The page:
A number of Praxis participants are currently completing our Philosophy module and blogging everyday about the content. Today’s post is republished from Praxis participant Ryan Ferguson’s personal blog on his 2nd day going through philosophy module.
You can’t ignore the big questions in life. You can only run from them.
But eventually they will find you.
The meaning of life will find you when you wake up in the middle of the night.
“What happens when you die?” will find you when you hear about a friend diagnosed with cancer.
“What is good and what is evil?” will find you when a former reality star turned would-be dictator becomes a leading candidate in an election.
Big questions are around you every day, waiting for you to answer them.
When you go to work in the morning, or are nice to your server at a restaurant, you are communicating your answers. You are communicating a philosophy. The important question to consider is if it is YOUR philosophy.
If you don’t take the time to think about the big questions for yourself, you will simply be living with other people’s answers.
If you don’t think about the purpose of life, you will be running around living a life that doesn’t truly belong to you. Your actions will be dictated by assumptions that you haven’t taken the time to think through. You will be the guy running around following all the steps on a path leading in some direction that you may not actually want to go.
You can go to college, get a job, get married, buy a house, start a family, get promotions, and so on. Until some point in time when those big questions come back around and smack you right in the face.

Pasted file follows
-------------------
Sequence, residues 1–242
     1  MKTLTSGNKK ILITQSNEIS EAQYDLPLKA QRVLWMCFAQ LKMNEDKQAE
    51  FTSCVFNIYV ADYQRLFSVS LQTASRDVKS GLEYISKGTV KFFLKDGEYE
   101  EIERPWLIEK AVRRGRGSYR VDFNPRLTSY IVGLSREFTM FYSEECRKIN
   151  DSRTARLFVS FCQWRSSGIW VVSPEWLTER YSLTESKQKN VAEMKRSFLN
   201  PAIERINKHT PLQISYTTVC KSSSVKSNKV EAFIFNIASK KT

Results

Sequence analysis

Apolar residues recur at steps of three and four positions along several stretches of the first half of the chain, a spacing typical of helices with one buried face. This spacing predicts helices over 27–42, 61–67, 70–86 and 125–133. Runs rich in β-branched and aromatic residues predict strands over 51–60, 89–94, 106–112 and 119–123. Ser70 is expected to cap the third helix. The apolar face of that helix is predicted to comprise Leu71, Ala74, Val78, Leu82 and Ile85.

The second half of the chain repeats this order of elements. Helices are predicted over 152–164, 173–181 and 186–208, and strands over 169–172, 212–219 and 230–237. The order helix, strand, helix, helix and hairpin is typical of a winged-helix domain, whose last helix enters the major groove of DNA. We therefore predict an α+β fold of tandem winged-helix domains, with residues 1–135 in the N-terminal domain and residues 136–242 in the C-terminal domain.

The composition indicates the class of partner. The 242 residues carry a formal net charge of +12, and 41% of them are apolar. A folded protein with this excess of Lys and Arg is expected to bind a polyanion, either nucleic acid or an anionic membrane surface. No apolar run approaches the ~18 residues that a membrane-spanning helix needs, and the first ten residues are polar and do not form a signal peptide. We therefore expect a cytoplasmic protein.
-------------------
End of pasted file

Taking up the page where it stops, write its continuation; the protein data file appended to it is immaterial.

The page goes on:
And you think to yourself, “Why did I do all that?”
Why did I work for 25 years as an accountant, when I really wanted to start my own business?
Why did I buy that house and get married when I was 24 and I really wanted to go out and explore the world?
You’ll realise that you were living your life based on assumptions that you didn’t believe. You were acting on someone else’s answers. Following tradition, and not living a life that was in line with what you truly believe.
I spent the first 22 years of my life running away from the big questions. Living with other people’s answers. Avoiding the big questions by watching sports, or playing video games.
Escaping instead of contemplating.
A lot of things have changed for me since then. And they started changing when I started to consider big questions. What makes me feel happy? What is the point of doing things I don’t like doing? What actions do I believe are right and wrong?
I didn’t figure out the answers. But I started changing my direction. I started to live a life where my actions flowed from my principles and I started to notice when I was avoiding thinking about those big questions.
As I dig into learning more about philosophy, I hope to improve my ability to think through big questions. To challenge deep-rooted assumptions that I did not consciously make. To become more integral as a thinker, and as a person.